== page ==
Another important point is that you will get completely different scores when you run the test with different guns and gear. This will not be an issue as long as you track what gun and gear you use on each particular day.

The test requires hits to a specific combat-effective area on the target, and severely penalizes for missed shots.

target on backer

The reason for this is that the par times really test your skill. I know that people might just throw shots downrange and hope for hits. I require that your target (an IDPA target) be mounted on a clean backer so you can really account for missed shots. Missing shots in a crowded mall or parking lot is unacceptable, and your training/testing should not allow you to do this without severe penalty.

Test Stages, Target Set-Up and Scoring

The chart below gives a quick view of the stages of the test and what they measure. The full version of the Shooting-Performance handgun skills test, which you can print and run on your own, can be found here. I suggest you design a folder like I have that you can keep in your range bag to track the scores you shoot with the gear you shoot them with.

skills test binder

Set-up for the test is very simple and only requires two IDPA targets. There is also an alternate target listed in the skills test if you want to use it. Use the same target each time you run the test for consistency. At one point during the test, I require the shooter to switch and use the other target so the volume of shots on the target will not be so great as to impede scoring when finished.

Other Key Points

* The skills test is designed so you can measure your skill and compare it to your skill. To do this, you must keep things consistent so you can track improvements. Make sure to track your results. I keep a binder with the skills test in it and have a log sheet at the end, so I can see what I shot, with what gear and on which date.

skills test log page

* Hold yourself accountable if you are taking the test alone. This means that if you fail to perform a scan process after a stage string, account for it, fix it and penalize yourself if you repeat it.

* Learn from the test. Some of you who carry in a pocket or some other difficult-to-access location might find the par times extremely hard to meet. Learn from this and accept the fact that if you carry in a pocket or on an ankle, it will be much slower for you to get your handgun into play during a spontaneous attack.

In conclusion, remember that this test is simply a method of measuring your training success. If you find yourself failing on certain stages, focus more on those areas or get some training to help you with them. One of the key principles of training is that your results must be measured, and can then be improved. Take the skills test and help drive your training to the next level!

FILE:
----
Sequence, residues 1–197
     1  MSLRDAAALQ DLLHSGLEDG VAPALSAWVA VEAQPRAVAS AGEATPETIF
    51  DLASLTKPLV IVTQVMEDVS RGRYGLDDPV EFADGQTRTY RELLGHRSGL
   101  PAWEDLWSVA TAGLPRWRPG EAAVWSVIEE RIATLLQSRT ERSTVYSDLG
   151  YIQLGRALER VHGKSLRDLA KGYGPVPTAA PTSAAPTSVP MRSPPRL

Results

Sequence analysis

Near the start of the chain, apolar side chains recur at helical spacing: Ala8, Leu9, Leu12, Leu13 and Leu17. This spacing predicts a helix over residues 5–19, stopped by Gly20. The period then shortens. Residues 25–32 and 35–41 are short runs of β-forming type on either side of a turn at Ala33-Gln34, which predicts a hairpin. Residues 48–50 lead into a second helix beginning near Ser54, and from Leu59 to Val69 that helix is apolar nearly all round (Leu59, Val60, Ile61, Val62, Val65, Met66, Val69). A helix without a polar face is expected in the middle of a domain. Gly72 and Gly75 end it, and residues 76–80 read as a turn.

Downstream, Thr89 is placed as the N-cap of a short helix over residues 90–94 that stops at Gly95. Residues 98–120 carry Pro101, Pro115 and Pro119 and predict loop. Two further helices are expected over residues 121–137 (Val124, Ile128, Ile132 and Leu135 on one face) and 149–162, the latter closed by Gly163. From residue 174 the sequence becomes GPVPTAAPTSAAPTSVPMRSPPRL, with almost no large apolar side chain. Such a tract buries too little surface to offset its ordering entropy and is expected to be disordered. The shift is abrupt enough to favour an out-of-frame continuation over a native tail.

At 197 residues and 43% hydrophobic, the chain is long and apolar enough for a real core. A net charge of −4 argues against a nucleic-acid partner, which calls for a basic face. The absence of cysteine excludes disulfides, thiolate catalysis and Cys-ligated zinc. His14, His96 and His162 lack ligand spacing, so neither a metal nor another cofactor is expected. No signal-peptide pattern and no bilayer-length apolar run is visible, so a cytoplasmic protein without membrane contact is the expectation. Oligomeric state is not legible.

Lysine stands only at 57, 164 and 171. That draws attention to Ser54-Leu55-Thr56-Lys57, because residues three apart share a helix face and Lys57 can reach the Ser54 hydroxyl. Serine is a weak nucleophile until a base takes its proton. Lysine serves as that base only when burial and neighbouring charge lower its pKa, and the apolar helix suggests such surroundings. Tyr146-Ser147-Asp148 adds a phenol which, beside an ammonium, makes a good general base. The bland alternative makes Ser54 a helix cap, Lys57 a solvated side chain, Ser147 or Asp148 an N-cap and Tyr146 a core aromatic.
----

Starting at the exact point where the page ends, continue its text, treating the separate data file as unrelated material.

The following chart shows the breakdown of each stage on the handgun skills test.

Chart shows breakdown of each stage on the handgun skills test
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8 Responses to “How Good Are You? Measuring Shooting Skill”
  1. kevin

    i dont have a handgun and you need a cc permit to even HAVE ONE pulled out of case in this state but i do have a 12 gauge shotgun there is in door range around here i have done some shooting there you can only use deer slugs in this range ive alway had the target out at max which is around 35 or 40 yards and i can put rounds in a man sized target and i have impressed some cops with my scores what i need is to find a way to train so i can hit a smaller target

  2. Paul Strickland

    Some good stuff here for sure. But on one point …I don’t train with a timer. “You will do in a panic situation what you are trained to do” ….like waiting on a buzzer to tell you when to draw and shoot. Or when to stop shooting. If you are training for a competition that is timed and uses buzzers or tones then by all mean practice with a timer. Training for self defense with sound timer is suicidal. But then who am I to question the many “experts” that seem to be coming out of the woodwork everyday. No offense to the author here. I myself have only 50 years of handgun experience, an Expert medal from the Navy, three NRA expert competition ratings and a IPSC “A” class rating. Maybe I should do some videos and write a book too.

    • Thomas Marsh

      Don’t have a website. The shooting skills test is definitely what I want.

  3. Vic vapor

    tough commenter crowd,
    Mr. Seeklander.!

    I thought your article was good.
    You set out what you want to test.
    You advocated keeping a journal,
    to track your activity,
    and injected a timer to the mix
    to add some stress… not sure
    what the other comments
    had a beef about.

    Keep on making primer dimples.!!